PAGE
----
Research shows that alcohol and drug prevention need reworking
Monticello -- Health administrators say today's children are not relating to warnings against alcohol and drug abuse, so they are exploring new methods to spread awareness.
It's a national issue that's sparking local interest and Tuesday evening, parents and children gathered at the Kirby Medical Center in Monticello for a lesson on how to cut back on underage drinking and other gateway drugs.
"There was a point in the last year where 38 percent of Illinois eighth graders drank alcohol," said Ten Penesis, industry education manager for the Illinois Liquor Control Commission.
A statistic that suggests that prevention programs of the past are not working on the children of today.
"There was a commercial where they would say, this is your brain, now this is your brain on drugs and they would show the egg sizzling in the pan," said David King, executive director of the Piatt County Mental Health Center. "And what they used to do basically was make fun of it: say this your brain, now this is your brain on drugs with a side of bacon."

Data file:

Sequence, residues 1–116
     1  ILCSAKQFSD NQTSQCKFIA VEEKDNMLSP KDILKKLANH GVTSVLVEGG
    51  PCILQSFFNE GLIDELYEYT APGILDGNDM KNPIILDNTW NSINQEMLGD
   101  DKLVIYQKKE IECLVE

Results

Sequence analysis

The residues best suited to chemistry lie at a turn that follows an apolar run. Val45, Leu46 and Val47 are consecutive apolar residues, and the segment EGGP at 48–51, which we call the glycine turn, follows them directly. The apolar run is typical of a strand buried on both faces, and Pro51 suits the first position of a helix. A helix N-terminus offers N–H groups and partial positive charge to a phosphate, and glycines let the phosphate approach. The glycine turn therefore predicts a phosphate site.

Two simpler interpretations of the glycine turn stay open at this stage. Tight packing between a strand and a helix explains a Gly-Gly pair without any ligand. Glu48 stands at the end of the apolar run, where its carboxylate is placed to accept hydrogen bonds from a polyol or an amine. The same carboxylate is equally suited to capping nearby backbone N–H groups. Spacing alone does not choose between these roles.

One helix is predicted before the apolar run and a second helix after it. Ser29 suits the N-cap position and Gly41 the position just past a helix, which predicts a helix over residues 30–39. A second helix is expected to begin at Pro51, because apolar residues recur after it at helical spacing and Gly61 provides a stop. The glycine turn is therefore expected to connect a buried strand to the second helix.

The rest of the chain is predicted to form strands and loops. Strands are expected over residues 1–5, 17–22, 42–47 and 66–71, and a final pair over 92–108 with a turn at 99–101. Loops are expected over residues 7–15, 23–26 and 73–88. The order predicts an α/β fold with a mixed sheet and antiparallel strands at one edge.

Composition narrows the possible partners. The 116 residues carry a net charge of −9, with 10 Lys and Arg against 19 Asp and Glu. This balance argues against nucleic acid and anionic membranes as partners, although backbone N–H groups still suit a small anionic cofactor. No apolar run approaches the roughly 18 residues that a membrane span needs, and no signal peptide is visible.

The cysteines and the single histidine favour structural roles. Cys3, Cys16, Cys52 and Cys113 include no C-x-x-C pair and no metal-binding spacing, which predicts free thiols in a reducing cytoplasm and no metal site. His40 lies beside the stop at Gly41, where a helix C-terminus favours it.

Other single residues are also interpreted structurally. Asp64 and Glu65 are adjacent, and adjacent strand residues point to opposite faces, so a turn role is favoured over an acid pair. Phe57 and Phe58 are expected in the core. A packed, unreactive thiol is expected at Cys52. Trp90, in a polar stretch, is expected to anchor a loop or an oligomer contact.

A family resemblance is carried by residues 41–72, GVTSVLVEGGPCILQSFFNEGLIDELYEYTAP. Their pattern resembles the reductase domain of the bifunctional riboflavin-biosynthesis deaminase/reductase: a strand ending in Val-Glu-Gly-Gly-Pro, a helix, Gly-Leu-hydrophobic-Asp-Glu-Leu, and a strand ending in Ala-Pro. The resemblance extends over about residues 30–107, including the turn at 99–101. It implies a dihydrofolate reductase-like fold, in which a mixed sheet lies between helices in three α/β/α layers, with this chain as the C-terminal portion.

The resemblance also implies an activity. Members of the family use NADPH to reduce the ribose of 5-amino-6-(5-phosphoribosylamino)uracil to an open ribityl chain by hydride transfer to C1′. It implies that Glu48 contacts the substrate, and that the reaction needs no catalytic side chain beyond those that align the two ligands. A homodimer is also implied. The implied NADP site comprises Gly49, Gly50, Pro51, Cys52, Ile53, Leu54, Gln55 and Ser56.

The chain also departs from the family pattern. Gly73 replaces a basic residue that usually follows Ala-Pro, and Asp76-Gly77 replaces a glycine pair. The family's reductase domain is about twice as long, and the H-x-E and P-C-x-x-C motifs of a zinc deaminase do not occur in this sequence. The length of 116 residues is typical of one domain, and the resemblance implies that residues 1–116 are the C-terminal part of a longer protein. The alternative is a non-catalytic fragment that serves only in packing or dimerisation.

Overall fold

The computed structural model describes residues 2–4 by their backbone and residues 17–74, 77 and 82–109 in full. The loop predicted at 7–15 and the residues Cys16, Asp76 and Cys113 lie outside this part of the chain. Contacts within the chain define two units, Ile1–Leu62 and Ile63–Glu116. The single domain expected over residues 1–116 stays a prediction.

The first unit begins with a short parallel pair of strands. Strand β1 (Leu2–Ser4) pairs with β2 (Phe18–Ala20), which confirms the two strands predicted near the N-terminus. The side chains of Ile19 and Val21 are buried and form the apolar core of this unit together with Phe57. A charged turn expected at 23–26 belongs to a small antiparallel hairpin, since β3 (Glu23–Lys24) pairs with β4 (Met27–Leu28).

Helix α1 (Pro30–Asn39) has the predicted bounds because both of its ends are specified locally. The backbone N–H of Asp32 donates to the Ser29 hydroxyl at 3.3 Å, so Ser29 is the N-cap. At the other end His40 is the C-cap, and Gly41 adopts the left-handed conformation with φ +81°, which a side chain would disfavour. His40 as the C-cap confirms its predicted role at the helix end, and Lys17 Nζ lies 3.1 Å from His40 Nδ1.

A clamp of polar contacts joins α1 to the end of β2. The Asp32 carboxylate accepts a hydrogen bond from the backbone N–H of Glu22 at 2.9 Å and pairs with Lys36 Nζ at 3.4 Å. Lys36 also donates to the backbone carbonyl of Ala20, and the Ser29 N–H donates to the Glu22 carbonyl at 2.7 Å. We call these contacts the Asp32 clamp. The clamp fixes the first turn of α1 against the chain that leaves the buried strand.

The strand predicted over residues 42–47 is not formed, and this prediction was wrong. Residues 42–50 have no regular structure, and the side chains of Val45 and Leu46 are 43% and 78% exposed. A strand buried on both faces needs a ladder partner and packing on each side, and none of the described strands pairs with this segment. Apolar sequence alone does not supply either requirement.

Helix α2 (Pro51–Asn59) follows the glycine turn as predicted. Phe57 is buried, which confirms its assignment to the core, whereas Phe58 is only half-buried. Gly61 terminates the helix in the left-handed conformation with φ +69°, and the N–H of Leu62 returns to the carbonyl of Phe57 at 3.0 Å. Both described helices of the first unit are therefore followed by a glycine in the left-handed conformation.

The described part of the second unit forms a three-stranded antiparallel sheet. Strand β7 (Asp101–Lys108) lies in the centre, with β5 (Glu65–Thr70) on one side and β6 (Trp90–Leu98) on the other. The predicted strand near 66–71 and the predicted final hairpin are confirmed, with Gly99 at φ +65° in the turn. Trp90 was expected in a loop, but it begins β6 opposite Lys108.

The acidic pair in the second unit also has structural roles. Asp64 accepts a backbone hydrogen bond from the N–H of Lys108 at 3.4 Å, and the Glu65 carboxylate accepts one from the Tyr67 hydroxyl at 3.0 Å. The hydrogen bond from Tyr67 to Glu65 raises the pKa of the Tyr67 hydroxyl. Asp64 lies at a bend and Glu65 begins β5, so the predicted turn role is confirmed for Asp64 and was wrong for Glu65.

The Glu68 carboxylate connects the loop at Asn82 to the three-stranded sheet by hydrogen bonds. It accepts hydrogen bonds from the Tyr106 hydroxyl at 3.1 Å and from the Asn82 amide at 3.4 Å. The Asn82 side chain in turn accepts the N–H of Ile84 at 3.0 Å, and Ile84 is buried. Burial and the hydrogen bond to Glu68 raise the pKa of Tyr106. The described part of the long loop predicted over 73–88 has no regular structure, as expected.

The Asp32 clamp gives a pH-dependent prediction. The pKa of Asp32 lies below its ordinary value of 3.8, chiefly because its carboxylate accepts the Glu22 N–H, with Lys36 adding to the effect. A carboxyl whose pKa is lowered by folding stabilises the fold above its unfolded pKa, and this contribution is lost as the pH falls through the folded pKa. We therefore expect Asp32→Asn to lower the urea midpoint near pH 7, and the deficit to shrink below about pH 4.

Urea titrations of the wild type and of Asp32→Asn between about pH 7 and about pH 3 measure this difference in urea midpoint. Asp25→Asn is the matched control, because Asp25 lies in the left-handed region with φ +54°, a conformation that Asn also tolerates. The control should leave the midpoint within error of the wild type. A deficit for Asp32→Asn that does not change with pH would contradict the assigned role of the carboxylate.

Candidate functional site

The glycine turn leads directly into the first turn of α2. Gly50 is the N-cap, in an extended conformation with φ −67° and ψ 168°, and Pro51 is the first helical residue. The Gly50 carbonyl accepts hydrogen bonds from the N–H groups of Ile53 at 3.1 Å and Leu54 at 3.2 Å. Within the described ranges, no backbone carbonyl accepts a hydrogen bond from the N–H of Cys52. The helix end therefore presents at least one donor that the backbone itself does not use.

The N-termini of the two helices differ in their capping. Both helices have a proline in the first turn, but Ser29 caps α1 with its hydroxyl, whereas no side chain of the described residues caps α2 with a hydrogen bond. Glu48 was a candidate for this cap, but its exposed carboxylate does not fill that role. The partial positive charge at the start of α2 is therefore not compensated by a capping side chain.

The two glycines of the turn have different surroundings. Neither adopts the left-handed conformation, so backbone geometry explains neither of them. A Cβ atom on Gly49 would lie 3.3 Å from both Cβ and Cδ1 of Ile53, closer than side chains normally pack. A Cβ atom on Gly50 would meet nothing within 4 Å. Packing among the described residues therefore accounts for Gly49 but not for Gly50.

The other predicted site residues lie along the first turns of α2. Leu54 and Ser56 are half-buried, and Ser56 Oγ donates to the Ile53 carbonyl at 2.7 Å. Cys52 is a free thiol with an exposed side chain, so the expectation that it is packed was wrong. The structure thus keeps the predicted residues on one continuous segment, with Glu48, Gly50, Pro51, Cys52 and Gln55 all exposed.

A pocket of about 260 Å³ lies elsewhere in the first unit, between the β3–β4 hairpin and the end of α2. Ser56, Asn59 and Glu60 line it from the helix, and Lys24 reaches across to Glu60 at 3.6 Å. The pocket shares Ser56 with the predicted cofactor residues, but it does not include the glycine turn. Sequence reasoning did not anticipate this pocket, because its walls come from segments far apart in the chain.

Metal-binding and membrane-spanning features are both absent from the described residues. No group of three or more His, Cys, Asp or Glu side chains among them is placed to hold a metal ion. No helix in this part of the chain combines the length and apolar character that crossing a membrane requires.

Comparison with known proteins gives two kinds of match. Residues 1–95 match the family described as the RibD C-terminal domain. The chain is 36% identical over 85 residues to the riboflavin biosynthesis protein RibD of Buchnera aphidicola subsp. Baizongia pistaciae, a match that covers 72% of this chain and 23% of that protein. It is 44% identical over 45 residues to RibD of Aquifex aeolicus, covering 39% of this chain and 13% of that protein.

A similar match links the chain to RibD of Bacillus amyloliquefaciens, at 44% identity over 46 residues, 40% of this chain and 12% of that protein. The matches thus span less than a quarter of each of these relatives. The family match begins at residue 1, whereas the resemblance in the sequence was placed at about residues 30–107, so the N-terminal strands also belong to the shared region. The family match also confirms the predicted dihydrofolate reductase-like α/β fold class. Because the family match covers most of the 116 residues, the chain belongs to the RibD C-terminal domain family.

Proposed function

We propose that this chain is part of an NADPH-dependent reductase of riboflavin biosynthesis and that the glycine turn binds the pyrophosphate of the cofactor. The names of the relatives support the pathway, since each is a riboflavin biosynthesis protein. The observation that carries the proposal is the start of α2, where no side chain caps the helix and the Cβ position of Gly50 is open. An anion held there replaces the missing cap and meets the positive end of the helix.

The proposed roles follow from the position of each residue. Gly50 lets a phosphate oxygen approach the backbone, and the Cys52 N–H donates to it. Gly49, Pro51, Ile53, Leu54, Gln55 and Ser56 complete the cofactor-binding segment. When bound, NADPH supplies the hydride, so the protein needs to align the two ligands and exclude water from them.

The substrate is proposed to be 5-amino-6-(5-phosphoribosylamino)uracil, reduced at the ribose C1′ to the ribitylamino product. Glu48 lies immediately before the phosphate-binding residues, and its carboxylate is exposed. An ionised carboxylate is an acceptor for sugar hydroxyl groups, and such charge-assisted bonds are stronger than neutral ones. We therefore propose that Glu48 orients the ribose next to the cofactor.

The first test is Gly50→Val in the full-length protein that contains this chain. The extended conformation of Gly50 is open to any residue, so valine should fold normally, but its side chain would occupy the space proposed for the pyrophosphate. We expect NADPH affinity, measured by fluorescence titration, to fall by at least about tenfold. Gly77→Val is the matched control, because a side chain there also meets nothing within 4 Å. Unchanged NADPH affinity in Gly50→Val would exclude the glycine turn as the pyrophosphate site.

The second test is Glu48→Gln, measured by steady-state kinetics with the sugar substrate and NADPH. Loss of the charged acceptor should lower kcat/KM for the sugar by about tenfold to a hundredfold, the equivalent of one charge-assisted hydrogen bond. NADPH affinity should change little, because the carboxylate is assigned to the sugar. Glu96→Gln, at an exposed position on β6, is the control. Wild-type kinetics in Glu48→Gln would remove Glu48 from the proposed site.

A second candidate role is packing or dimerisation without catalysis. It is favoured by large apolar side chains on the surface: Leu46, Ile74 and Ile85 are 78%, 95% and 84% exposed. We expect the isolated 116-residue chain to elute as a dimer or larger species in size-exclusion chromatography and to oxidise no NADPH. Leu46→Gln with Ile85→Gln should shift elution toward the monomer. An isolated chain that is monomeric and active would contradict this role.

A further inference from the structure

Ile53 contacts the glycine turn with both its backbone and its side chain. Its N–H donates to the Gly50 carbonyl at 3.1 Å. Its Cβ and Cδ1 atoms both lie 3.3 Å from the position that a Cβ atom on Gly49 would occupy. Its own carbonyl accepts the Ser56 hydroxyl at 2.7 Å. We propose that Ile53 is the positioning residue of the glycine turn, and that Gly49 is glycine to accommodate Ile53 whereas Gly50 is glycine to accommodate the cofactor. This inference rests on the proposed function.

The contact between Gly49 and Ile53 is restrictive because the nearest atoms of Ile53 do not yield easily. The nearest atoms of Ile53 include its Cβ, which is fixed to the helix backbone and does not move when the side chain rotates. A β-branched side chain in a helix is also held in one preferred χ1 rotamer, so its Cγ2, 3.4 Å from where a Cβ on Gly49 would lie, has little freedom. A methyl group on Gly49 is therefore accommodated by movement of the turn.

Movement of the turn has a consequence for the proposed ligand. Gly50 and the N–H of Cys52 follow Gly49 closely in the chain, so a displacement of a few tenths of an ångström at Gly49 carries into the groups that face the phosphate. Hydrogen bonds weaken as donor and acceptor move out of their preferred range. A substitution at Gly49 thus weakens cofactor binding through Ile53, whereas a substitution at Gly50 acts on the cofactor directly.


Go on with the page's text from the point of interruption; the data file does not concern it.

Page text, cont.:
So instead of using scare tactics, addiction specialists are focusing on what they call "positive peer pressure."
"It's called the "Your Reactions Matter" program," said Penesis. "We have youth throughout the state going out to liquor retailers and posting education materials and basically the kids are educating parents."
Prompting parents to ask some questions of their own. The answer Scott Burnsmier came up with was open conversation.
"It's a good point of communication at the dinner table," said Burnsmier, a father of two. "I think it's a good opportunity to talk about what's happening."
Because even though his daughter is in fifth grade, she isn't too young to know that underage drinking and drug abuse are a problem.
"I don't know really what goes on," said Burnsmier's daughter Grace. "But I don't think that that doesn't go on."
But putting a stop starts with setting an example. Research shows that kids who use gateway drugs like alcohol, marijuana or tobacco typically start around the age of 14 or 15. However, prevention efforts are targeted at children as young as 11 and as old as 18.